3. Certificate of Good Conduct issued in the jurisdiction of origin. If the beneficiary has been more than three months in the country, it needs to be issued by the competent local judicial authority.
    4. Medical Health Certificate. Issued in the jurisdiction of origin. If the applicant has been living more than three months in the country, a recent medical certificate should be presented, legalized by the Ministry of Public Health (SESPAS).

    5. Three front view 2"x2" photographs.
    6. Birth Certificate.
    7. Certificate of the Department of Migration with proof of the last entry of the person to the country and copy of the Tourist Card.

    8. Two photocopies of the applicant's complete passport.
    Observations:
    1. All documents received from abroad need to be legalized by the Dominican consulate in the corresponding jurisdiction.
    2. All documents need to be presented in original and four copies with the exception of the passport.
    3. The passport needs to be valid for a minimum of three months after having been deposited for the visa.
    4. If the application includes the spouse, a marriage certificate should be included.
    5. Minors are exempt from the Good Conduct Certificate requirement.

    Student Visa
    1. Letter of application addressed to the Minister of Foreign Relations.
    a) If the visa is requested in the DR, the letter of application needs to be made by the rector of the university or educational institution.

    b) If the application is made from abroad, it needs to be remitted via the corresponding Dominican consulate.
    2. Letter of Guarantee or Affidavit addressed to the Minister of Foreign Relations. Legalized by the corresponding consulate.

    a) Signed by the parent or tutor certifying he/she will cover the student's expenditures in the country.
    b) Proof of economic solvency.
    c) If issued in the country, it needs to be legalized by a notary public.
    3. Three front view 2"x2" photographs.
    4. Form 509-Ref (purchased for RD$0.56 or US$1.00 if the application is carried out from abroad), typed or printed, accompanied with a Dirección de Impuestos Internos stamp for RD$2.00 (US$2.00 if filled out abroad). Citizens of the United States, Spain, Italy, Panama, Mexico and Norway do not need to purchase these stamps, because the visas are free for them.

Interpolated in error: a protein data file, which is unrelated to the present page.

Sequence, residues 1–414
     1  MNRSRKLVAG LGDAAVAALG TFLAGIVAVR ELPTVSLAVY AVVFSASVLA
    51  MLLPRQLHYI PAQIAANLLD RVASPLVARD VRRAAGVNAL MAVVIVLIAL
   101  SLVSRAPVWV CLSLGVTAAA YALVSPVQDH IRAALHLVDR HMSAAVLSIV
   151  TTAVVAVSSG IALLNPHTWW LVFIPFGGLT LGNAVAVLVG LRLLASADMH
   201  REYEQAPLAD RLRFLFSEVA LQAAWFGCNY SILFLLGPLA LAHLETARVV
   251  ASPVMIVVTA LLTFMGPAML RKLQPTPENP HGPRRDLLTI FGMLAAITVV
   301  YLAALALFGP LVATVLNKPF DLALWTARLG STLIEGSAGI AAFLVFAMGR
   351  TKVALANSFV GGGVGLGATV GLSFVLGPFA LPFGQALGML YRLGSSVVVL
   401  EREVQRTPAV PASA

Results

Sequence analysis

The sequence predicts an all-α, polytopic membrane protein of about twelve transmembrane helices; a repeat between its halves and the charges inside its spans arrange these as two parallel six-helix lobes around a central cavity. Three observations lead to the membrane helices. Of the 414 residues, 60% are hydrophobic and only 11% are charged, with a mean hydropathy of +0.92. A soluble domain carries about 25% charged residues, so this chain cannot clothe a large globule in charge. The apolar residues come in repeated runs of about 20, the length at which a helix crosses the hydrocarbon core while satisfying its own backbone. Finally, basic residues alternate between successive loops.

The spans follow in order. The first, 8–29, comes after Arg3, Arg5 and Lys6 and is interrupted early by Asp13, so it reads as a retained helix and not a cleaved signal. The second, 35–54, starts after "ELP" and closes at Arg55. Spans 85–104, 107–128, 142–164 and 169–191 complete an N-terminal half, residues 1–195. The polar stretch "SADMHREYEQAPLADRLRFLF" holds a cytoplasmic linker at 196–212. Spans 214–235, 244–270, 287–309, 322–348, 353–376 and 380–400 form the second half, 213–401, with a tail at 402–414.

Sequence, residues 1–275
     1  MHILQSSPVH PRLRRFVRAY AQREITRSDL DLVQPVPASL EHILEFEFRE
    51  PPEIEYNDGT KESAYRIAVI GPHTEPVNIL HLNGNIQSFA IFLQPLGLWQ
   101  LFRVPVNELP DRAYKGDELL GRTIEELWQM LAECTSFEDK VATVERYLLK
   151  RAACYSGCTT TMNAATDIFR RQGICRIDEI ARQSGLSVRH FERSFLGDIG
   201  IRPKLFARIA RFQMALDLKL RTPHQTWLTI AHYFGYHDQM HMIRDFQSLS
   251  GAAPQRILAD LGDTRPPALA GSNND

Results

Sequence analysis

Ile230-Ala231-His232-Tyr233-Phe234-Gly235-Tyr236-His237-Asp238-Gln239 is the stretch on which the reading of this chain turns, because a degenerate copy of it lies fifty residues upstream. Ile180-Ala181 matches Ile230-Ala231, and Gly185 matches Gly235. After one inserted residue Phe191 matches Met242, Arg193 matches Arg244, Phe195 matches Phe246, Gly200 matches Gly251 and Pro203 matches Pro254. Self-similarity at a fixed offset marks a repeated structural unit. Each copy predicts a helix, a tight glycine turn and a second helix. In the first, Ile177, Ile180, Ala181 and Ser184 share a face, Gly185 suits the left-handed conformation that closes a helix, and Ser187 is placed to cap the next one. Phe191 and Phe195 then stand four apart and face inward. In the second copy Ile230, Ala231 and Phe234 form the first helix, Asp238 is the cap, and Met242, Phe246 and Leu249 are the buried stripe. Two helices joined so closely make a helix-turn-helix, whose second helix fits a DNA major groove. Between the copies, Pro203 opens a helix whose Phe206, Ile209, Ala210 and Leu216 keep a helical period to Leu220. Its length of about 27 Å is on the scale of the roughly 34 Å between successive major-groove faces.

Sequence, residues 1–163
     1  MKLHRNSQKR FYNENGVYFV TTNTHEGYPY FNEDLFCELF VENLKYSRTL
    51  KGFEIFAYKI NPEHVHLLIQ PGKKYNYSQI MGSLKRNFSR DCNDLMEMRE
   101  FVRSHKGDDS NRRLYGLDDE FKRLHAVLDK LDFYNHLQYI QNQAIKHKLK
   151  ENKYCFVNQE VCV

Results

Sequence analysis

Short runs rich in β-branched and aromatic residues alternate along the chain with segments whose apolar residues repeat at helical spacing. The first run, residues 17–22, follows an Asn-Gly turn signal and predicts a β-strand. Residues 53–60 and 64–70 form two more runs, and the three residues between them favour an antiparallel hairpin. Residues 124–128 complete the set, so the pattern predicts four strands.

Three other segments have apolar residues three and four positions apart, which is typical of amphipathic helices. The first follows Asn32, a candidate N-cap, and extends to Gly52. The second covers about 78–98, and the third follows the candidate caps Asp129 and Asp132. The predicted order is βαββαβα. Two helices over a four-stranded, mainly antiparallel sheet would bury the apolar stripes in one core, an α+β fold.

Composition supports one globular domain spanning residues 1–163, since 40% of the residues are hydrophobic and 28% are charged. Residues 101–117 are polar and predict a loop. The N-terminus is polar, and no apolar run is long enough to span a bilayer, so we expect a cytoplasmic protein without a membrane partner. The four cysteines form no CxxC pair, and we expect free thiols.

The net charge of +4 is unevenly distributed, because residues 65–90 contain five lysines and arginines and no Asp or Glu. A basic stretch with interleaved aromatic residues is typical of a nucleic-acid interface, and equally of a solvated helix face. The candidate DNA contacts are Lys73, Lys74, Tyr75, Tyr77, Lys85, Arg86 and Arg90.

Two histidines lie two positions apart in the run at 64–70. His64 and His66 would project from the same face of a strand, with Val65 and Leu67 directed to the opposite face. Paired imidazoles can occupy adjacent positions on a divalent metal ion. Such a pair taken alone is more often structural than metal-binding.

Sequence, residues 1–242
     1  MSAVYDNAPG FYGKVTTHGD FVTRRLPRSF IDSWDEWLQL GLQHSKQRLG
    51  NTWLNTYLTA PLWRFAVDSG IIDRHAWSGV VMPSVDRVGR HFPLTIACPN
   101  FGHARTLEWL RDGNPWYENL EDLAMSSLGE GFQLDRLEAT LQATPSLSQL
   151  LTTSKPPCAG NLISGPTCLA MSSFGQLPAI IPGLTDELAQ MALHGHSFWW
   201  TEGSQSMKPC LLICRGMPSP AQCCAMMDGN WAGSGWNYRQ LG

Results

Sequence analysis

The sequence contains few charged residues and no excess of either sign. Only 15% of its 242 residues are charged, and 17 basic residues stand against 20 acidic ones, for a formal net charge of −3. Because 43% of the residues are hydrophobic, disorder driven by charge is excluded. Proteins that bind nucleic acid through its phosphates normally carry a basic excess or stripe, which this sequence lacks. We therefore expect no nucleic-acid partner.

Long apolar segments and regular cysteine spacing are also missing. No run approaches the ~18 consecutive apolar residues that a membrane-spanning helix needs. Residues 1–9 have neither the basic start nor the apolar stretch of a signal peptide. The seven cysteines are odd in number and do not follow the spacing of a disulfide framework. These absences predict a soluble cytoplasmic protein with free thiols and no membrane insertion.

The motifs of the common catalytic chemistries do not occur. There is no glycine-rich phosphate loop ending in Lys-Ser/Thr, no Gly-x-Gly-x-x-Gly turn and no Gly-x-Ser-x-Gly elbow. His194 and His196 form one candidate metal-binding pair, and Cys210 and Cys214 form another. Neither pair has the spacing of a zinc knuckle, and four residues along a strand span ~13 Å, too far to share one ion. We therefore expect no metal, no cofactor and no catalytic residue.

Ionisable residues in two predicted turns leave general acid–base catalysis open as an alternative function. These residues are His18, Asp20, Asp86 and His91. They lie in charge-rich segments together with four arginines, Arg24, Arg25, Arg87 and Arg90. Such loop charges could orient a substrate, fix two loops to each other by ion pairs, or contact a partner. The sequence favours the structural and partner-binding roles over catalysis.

5. Certificate of Good Conduct: Issued by the jurisdiction of residence, legalized by the corresponding consulate. If it is a renewal, it should be issued in the country by the Procuraduría Fiscal.

    6. Photocopy of the previous visa, in case of a renewal.
    7. Medical Certificate: Issued by the jurisdiction of residence of the applicant, legalized by the corresponding consulate. If it is a renewal, it can be issued in the DR, using a Rentas Internas form with stamps of RD$1.25.

    8. Proof of registry from the university: This can be a photocopy of the registration.
    9. Two complete copies of the applicant's passport. Notes: The letter of request should be submitted in an original and six copies.
    The other documents need be submitted in an original and four copies.

  8. #8
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    It cannot be started in the DR. 100% NO!

  9. #9
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    I agree 100% - the info is a bit outdated as of last August 2012. You can no longer apply for residency within the DR - only in your home of record through the DR consulate.

  10. #10
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    Quote Originally Posted by karlheinz View Post
    I agree 100% - the info is a bit outdated as of last August 2012. You can no longer apply for residency within the DR - only in your home of record through the DR consulate.
    Thank you for your perfect answer..hopefully DR1 will update the info.